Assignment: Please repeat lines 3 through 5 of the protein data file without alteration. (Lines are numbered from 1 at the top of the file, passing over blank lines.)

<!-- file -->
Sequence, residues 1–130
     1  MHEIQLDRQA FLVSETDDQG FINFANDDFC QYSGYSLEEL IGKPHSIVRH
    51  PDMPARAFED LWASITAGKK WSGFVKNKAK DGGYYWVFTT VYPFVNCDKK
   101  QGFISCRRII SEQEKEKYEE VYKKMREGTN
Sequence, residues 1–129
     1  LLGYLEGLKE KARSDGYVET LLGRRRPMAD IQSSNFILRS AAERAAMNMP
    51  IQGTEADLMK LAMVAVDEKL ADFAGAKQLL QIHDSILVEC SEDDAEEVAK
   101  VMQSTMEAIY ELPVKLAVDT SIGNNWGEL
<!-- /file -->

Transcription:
    51  PDMPARAFED LWASITAGKK WSGFVKNKAK DGGYYWVFTT VYPFVNCDKK
   101  QGFISCRRII SEQEKEKYEE VYKKMREGTN
Sequence, residues 1–129